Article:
How Indian airlines are caught in a vicious circle of profitless growth

From September 1, life is expected to get slightly easier for Indian airlines. On the one hand, there has been an easing in global crude oil prices, which have been on fire for a few months now, which, in turn, should be reflected in the prices carriers pay for aviation fuel. . On the other hand, it is highly likely that airlines will be allowed to pay the same price foreign carriers pay to refuel in India.

Both events will help the sector breathe a collective sigh of relief. At no time since the pandemic have things reached such a high for the industry. By June, things had gotten so bleak that airlines were considering a one-day collective strike. Almost all airlines fly well below their approved scheduled flights to save money. In July and most of August, Air India performed 65-68% of its approved schedule, while AirAsia India, Go First and

stole 40-55%. Only Vistara operates approximately 80% of its approved summer schedule.

Where logic takes flight

So why are Indian airlines still on the brink of collapse? Every few years, why do we have a new set of carriers dominating the sky? Over time, India has found itself in a situation where airlines are caught in a vicious cycle of profitless growth. Most make little or no money from their core business of passenger transport. Airlines fly various routes, total losses from core operations, then order more planes to fund the losses through the sale and leaseback of planes. Along the way, they occasionally earn income through non-aeronautical pursuits. Even those who run their business fairly well rarely make a profit. IndiGo last reported a substantial full-year profit in 2017-18.

The pandemic and the war in Ukraine have caused oil prices to plummet globally. Carriers in India have paid the price, with air turbine fuel (ATF) prices rising nearly 542% since May 2020. But what is less known is that while traffic has rebounded , it is still nearly 75% lower on a daily basis than in February. 2020, a lean month on its own. Airlines actually sell most seats below cost. This is precisely why out of every ₹100 of revenue, ₹75-80 goes to the oil companies, the biggest cost head.

This and other factors have led to a situation where the airlines totaled combined losses of ₹16,777 crore in FY2021, ₹20,000 crore in FY2022 and will exceed this number in FY2021. of the 2023 financial year.

A preposterous anomaly has made the airline economy unsustainable, unique to India. Indian airlines pay more for fuel than their foreign counterparts to refuel in India, as the former are charged at import parity price. In addition, fuel taxes for the sector remain quite high. An 11% excise duty is levied by the Indian government, which is aggravated by the state Value Added Tax (VAT) on top. It ranges between 3% and 25% which averages out to around 20% since the rates are 20-25% in high levy states like Delhi, Maharashtra, Tamil Nadu and West Bengal.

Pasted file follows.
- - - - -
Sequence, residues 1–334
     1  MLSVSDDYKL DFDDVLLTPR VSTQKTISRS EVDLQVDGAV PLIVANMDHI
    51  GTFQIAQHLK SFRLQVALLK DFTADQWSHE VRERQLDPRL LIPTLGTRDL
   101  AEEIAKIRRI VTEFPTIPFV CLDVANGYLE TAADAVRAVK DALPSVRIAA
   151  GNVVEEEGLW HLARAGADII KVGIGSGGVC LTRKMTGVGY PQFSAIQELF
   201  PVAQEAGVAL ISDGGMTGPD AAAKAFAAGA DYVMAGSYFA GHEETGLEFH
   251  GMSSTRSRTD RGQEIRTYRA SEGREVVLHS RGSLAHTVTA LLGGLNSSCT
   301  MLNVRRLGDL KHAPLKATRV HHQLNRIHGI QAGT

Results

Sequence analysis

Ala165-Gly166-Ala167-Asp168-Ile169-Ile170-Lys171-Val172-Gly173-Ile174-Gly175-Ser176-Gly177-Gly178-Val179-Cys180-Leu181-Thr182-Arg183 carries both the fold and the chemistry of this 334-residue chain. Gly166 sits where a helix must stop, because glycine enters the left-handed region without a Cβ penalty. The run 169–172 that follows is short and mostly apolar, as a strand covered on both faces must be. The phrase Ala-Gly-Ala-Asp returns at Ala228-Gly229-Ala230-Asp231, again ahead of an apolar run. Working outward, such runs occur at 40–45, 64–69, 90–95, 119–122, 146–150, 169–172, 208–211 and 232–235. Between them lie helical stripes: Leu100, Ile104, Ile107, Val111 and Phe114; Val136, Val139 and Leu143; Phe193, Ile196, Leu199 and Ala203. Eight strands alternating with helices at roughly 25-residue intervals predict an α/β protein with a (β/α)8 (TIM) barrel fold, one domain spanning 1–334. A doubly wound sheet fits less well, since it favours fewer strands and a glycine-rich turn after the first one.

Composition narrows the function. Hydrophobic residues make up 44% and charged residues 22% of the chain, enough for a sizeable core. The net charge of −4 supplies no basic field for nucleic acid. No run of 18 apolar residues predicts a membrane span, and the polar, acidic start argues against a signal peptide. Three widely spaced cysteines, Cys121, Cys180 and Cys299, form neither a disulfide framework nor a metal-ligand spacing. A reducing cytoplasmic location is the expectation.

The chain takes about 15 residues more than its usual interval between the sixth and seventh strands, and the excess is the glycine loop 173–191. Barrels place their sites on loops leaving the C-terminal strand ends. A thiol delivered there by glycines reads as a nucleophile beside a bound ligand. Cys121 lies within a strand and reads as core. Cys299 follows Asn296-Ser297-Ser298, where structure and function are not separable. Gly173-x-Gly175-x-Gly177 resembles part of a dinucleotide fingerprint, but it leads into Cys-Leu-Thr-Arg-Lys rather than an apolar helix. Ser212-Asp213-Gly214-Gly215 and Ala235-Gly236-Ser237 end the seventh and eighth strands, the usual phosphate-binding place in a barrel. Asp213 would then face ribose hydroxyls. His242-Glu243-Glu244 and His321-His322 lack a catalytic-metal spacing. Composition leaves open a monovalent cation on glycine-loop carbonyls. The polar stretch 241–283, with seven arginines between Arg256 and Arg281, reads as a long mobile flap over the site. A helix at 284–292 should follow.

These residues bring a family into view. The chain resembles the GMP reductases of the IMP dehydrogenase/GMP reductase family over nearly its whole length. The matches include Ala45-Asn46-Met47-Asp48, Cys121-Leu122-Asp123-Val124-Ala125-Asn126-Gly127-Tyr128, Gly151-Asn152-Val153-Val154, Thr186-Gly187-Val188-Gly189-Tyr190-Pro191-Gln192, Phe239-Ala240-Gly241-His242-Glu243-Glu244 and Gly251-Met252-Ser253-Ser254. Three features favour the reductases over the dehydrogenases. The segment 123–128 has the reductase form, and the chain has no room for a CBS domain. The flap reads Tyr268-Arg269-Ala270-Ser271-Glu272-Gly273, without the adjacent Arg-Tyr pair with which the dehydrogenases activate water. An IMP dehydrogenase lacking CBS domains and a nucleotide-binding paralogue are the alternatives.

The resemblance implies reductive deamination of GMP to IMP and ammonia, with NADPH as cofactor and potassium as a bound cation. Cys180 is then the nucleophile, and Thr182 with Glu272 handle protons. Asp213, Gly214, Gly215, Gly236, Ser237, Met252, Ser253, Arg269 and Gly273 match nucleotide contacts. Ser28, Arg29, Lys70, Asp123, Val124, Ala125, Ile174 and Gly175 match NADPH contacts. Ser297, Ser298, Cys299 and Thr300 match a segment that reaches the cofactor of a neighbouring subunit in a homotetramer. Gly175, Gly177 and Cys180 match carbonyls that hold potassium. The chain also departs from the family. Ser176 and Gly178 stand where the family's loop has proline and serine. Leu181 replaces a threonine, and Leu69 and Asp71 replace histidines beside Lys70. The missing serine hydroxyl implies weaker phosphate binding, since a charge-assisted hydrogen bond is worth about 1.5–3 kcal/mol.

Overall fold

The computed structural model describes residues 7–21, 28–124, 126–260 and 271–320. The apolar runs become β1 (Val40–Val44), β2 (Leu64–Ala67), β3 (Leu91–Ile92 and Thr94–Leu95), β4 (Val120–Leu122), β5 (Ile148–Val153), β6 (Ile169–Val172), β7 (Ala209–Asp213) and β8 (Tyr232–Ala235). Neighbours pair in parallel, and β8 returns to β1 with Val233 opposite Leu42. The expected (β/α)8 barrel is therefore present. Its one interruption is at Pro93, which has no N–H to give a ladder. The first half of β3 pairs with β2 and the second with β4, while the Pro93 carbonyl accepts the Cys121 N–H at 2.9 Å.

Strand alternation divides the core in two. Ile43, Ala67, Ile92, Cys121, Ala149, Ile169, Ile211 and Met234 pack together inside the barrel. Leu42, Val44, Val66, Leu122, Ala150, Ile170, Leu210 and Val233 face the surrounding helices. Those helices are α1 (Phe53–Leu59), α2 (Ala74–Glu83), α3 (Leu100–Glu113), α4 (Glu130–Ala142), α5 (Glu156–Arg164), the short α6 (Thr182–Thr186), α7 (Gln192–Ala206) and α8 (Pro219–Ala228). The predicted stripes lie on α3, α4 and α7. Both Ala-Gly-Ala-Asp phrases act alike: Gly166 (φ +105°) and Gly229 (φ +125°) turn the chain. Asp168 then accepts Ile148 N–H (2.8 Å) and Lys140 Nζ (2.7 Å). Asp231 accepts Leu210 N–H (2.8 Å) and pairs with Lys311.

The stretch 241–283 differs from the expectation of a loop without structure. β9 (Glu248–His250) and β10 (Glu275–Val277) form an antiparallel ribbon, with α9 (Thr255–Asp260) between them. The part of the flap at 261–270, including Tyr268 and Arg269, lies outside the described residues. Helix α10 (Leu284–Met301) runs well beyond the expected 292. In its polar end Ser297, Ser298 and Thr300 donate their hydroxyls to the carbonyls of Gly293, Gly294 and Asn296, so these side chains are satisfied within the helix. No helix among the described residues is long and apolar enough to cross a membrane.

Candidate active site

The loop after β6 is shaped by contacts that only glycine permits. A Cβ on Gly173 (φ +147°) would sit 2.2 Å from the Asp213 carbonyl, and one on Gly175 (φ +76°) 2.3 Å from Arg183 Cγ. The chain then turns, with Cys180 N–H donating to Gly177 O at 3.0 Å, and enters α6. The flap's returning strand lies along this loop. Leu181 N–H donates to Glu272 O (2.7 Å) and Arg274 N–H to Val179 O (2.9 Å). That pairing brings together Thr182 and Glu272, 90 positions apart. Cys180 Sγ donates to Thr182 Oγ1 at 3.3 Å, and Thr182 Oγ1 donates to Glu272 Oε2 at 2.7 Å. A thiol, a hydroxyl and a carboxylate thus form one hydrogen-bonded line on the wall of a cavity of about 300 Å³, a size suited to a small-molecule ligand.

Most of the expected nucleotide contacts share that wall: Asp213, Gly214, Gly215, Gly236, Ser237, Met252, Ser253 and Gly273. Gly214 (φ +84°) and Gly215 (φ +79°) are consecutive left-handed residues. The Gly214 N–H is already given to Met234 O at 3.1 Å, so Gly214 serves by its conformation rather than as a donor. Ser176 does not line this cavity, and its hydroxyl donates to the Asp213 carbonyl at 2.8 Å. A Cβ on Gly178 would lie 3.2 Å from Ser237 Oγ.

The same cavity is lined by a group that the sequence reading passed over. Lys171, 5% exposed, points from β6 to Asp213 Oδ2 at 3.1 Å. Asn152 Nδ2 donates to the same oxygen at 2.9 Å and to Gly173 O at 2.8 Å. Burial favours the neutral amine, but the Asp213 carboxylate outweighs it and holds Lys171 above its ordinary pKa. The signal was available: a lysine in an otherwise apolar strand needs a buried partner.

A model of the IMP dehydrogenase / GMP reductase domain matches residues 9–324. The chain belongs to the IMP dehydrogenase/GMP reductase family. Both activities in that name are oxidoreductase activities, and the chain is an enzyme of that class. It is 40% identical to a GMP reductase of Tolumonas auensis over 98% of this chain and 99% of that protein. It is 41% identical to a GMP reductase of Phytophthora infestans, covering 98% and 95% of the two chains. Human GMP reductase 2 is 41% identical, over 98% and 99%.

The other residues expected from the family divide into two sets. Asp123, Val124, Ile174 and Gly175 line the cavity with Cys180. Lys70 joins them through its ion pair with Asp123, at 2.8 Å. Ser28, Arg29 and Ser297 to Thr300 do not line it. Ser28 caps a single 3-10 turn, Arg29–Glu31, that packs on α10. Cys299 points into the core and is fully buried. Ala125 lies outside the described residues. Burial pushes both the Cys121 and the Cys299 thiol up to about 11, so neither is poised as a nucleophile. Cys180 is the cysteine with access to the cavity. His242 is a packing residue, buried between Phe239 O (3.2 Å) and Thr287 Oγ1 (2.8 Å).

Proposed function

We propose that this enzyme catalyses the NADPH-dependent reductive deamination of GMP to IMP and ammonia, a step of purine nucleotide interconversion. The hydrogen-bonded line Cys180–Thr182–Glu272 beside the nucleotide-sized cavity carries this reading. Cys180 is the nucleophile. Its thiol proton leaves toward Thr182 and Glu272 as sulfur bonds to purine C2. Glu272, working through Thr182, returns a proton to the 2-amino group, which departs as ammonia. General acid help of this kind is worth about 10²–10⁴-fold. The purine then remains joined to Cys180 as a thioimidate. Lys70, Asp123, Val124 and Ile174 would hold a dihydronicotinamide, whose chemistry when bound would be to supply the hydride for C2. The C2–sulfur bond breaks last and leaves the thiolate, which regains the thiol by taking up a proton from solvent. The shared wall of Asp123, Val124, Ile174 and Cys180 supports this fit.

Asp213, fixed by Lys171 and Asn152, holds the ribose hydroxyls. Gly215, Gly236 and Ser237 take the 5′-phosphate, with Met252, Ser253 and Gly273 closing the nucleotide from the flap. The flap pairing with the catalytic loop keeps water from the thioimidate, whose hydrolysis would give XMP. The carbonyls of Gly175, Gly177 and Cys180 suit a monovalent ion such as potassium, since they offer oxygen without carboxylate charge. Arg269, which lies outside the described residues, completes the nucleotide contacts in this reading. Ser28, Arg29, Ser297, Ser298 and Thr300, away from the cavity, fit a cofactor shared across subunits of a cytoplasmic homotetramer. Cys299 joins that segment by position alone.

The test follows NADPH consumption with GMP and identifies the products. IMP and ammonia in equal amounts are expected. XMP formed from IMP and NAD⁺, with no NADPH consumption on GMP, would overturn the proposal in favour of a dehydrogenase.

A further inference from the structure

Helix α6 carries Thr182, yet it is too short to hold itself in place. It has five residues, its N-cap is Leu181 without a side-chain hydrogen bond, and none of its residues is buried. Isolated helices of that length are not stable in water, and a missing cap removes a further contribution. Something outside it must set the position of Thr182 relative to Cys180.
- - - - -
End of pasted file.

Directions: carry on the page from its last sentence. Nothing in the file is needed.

Calls to subject the ATF to the GST fell on deaf ears. In most other countries with developed aviation sectors, if and when a similar tax is applicable, airlines can earn an input credit on the tax paid. India remains an anomaly in this respect.

Darkened visibility

To fund the losses they regularly incur through their operations, Indian airlines place orders for planes to earn money through the sale and leaseback of planes. This leads to more and more capacity being added to the market, further reducing fares, making the economy even more unsustainable and resulting in more aircraft orders. It is the vicious circle of growth without profit.

On each plane ordered, the difference is about 5 to 9 million dollars. This helps some airlines fund their flight losses. It’s never been clear how many airlines bring that revenue onto the company’s books. The result of this has been that airline promoters often get rich even when the airline goes bankrupt. When companies fail, the losers are usually the lenders, vendors and employees, not the promoters or founders.

This also partly explains why businessmen continue to run or create airlines. Most new founders or promoters believe they can do it better than their rivals. The precedents showed them that they had nothing to lose personally. As such, the business is relatively debt free, without even the need for working capital loans, as rates are collected up front.

Government officials routinely dismiss airline woes as exaggerated and argue that companies are often mismanaged, blaming either the model or the management. But there is no denying that Indian airlines need to make money from their core operations, not by buying more planes. This is a structural problem that the industry faces and that only constructive dialogue and follow-up action between government and industry can resolve.

Comments are closed.